The U.S. Army has helped the Massachusetts Institute of Technology (MIT) produce a fiber that could allow for data transmission when sewed into soldier uniforms.
MIT's Army-funded Institute for Soldier Nanotechnologies (ISN) developed a fiber that can gather and process data while being worn as part of clothing, the service branch said Monday. The Army believes the fiber could allow soldier uniforms to power sensors and transmit gathered data to external entities.
ISN researchers tested the fiber's memory capacity by storing in it a 767-kilobit video file and a 0.48-megabyte audio file. The research also found that the fiber can be washed at least 10 times.
The team stated that artificial intelligence has the potential to expand the fiber's applications. ISN tested this by setting up a neural network of 1,650 connections in the fiber, which collected 270 minutes data on a wearer's surface body temperature. The fiber used this data to determine the wearer's activity, with an accuracy rate of 96 percent.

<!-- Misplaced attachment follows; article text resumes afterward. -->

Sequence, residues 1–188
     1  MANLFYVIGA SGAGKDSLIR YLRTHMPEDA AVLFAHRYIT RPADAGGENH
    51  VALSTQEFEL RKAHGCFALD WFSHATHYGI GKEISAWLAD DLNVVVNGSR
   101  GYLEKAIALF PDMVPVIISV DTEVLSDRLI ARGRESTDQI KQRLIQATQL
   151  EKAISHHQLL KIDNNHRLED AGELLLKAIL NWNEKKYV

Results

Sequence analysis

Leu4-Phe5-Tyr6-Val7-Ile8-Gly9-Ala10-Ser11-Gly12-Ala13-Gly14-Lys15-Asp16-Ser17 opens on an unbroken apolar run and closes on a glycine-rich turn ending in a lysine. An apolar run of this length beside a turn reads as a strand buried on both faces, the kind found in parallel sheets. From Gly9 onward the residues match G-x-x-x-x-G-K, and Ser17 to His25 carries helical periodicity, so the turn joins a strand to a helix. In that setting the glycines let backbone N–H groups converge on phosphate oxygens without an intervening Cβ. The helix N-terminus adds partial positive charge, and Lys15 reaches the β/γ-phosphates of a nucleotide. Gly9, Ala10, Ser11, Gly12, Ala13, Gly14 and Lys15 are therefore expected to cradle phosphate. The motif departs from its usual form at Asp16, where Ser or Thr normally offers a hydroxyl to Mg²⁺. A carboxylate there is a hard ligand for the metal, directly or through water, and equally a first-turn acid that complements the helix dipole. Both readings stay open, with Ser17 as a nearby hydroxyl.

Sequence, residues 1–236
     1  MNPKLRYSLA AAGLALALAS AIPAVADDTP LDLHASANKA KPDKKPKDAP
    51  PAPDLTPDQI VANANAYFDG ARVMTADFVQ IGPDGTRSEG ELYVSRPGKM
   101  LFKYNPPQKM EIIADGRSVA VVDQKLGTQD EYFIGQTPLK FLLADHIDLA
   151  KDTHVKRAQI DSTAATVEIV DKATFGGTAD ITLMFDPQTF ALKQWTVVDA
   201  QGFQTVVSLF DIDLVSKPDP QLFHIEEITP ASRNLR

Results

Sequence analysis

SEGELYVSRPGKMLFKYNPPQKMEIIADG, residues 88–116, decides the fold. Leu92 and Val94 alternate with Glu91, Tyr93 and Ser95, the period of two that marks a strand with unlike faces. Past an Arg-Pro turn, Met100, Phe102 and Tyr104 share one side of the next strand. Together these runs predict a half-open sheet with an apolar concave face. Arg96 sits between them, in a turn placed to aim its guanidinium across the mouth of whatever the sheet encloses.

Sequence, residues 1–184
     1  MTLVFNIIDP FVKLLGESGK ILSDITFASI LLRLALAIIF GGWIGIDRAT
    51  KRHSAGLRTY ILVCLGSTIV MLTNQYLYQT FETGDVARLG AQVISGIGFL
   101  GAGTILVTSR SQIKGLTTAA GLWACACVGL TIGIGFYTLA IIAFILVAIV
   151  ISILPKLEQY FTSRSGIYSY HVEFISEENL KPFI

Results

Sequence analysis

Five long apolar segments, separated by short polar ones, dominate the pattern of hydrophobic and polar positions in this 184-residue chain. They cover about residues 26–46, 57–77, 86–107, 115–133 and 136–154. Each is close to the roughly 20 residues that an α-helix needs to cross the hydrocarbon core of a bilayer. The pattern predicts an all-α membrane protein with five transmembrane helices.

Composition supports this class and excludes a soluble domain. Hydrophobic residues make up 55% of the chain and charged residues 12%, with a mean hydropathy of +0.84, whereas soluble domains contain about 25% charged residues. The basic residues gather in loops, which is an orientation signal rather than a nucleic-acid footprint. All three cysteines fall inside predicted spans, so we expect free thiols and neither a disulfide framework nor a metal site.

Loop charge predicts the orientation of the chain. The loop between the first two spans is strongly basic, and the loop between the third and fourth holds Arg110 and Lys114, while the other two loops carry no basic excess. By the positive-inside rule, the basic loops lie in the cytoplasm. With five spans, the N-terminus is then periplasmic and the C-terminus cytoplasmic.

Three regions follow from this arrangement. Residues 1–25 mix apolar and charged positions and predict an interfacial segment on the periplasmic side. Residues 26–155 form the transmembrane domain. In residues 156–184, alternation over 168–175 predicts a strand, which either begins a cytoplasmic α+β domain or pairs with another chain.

Gabriel Loke, an MIT doctoral student, said the fiber's data collection capacity can support machine learning algorithms.
“This groundbreaking research, with other research underway at the ISN, could revolutionize Soldier uniforms,” said James Burgess, ISN's program manager at the Army Research Laboratory (ARL).